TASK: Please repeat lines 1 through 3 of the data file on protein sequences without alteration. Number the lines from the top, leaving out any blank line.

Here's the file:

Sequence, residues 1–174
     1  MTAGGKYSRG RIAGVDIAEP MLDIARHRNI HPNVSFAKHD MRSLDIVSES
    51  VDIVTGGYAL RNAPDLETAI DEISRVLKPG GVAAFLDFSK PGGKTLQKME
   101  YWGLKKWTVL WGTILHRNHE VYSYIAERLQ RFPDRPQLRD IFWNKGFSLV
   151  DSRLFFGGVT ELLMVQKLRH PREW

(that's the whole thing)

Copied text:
Sequence, residues 1–174
     1  MTAGGKYSRG RIAGVDIAEP MLDIARHRNI HPNVSFAKHD MRSLDIVSES
    51  VDIVTGGYAL RNAPDLETAI DEISRVLKPG GVAAFLDFSK PGGKTLQKME